Ultrahigh Brightness and Broadband

Laser-Driven Light Source


Author: H. Zhu, J. Hammond, G. Hill, M. Besen, D. Smith, P. Blackborow





Laser-Driven Light Sources (LDLSTM) [1] were developed using high power diode lasers to energize high
intensity Xe plasma. The LDLS sources produce 170nm to 1700nm radiation with ultrahigh brightness from
the high power density plasma at the laser focal point, and exhibit long source life due to their electrodeless
operation. With its high stability and much longer lamp life, an LDLS can be a better choice as a calibrated
spectral irradiance standard source than a calibrated lamp or a calibrated D2 lamp.



The ever-increasing development of new medical analysis instruments, optical imaging equipment and
semiconductor inspection systems using UV and visible light sources increases demand for radiometry
calibration. Calibrated tungsten quartz-halogen (TQH) lamps are often used as standard sources for a spectral
irradiance measurement in the UV to NIR wavelengths, but they have much lower radiant powers in UV
wavelengths under 350nm. To obtain a higher radiant power near 200nm in the UV range, calibrated
deuterium (D2) lamps are usually used as standard sources, but their radiant powers drop more than one
order of magnitude between 200nm and 400nm. In order to calibrate a source between 200nm and 800nm
wavelengths, a calibrated TQH lamp and a calibrated D2 lamp have to be used. However, as shown in Figure
1 [2] and Figure 2, both TQH and D2 (calibration) lamps have lower radiant power between 300nm and
400nm. Because a tungsten filament works at high temperatures in a TQH lamp and a thermionic emission
cathode is used to generate D2 plasma in a D2 lamp, these two standard sources both have about 50-hour
lifetime before they require recalibration. This is inconvenient and costly.

Calibrated Xe short arc lamps are offered as spectral irradiance standard sources by one supplier, but the
lamps only lasts 100 hours before recalibration and only have 500 hours of lamp service life. Due to the
limitations of current density, plasma (cathode spot) temperature in a Xe short arc lamp is about 7000K. This
causes a steep drop of radiant power under 250nm and raises the ratio between visible and UV radiant power.

A 20W LDLS (model EQ-99) was calibrated for spectral irradiance between 200nm and 900nm by Bentham
Instruments Ltd. Spectral irradiance of the LDLS source is compared to that of one TQH standard source and
one D2 standard source in Figure 2. Due to significantly higher Xe plasma temperature (10,000K – 20,000K),
the LDLS source spectral irradiance is smooth and flat between 200nm and 800nm, where most UV and
visible calibrations are conducted.



Figure 1. High-intensity plasma of Xe, or a mixture of
inert gases, absorbs laser energy at the laser focal
point and emits ultrahigh-brightness broadband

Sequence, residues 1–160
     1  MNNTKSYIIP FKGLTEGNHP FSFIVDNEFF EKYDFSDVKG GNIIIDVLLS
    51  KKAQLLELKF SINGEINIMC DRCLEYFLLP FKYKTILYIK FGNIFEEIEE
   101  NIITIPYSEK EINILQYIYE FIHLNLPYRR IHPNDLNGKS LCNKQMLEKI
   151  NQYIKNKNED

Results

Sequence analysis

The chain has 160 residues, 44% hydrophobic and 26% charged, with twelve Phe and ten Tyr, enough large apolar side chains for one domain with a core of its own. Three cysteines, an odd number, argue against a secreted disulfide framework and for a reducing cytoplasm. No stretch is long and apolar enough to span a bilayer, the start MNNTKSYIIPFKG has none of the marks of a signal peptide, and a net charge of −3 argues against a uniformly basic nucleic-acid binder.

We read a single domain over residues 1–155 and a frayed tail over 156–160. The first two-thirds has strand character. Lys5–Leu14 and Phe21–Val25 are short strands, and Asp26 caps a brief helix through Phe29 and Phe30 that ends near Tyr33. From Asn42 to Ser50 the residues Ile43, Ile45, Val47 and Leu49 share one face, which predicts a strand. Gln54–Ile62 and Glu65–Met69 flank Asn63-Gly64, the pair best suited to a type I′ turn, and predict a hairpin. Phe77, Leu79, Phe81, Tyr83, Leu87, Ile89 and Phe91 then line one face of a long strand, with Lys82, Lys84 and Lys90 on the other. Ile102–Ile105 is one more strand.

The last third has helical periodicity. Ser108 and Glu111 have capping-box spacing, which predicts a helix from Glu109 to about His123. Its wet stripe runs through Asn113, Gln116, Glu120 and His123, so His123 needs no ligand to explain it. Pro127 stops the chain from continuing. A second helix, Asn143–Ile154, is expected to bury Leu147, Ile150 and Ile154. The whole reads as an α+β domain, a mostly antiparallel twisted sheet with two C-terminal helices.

Figure 2. Compared with that of a Xe arc lamp and a
D2 lamp, the spectral radiance of an LDLS (model EQ1500) is one and two orders of magnitude higher and varies less vs. wavelength.







During the calibration of the EQ-99 LDLS source at Bentham, the irradiance was measured over the
wavelength range of 300nm to 900nm at 5nm internals by comparison to a Quartz Halogen lamp standard
calibrated by NPL (SN65786). The absolute irradiance was further verified by comparison with a Deuterium
standard of irradiance from 200nm to 400nm, traceable to the NPL-2003 irradiance standard. Measurements
were made using a double monochromator based spectroradiometer manufactured by Bentham.

The EQ-99 LDLS source was run in an air conditioned environment. The lamphouse of the EQ-99 was
purged with nitrogen during operations and its temperature was controlled by a cold plate which was
connected to a water chiller unit set at 37ºC.

Evaluation of stability of the EQ-99 source was conducted by repeating the calibration procedures for several
times on different dates. The results of EQ-99 irradiance at 470nm are listed in the following table:

Measurement Date 03/03/12 03/13/12 03/14/12 03/15/12 03/26/12 Mean

(Max-Min)/Mean (%)

50cm Irradiance at 470nm (mW/m^2/nm) 3.0499 3.0264 3.0526 3.0922 3.0155 3.0473 2.5






Frequent lamp changes and calibrations will lower productivity by consuming valuable technical and
financial resources. In electrode-driven lamps (TQH and D2 Lamps), the hot electrodes are the primary                                                          lifelimiting factors, as they evaporate metal onto the quartz bulb. In an LDLS, the energy is delivered to                                                                     the Xe plasma optically by a focused laser beam, so there is no high thermal, electrical, or mechanical                                                                  stress on the high-pressure gas bulb. The bulb’s electrodes, used for ignition only, are spaced away from the                                                      plasma and not directly heated by the plasma during operation. A comparison of life-test data highlights the                                                    differences in output drop over time between typical LDLS sources and typical Xe and D2 lamps (see table below).

Light source Change in broadband output/1000 h (typ.) Life-test hours to date Notes
LDLS EQ-99 ~ -1% > 6000 Test ongoing
30W D2 lamp -50%
(depending on model)
- Source: product data
75W Xe arc lamp -25% to -50%
(depending on model)
- Source: product data










[1] US Patent #7,435,982
[2] Lamp Spectra and Irradiance, LOT-Oriel Group Europe, www.lot-oriel.com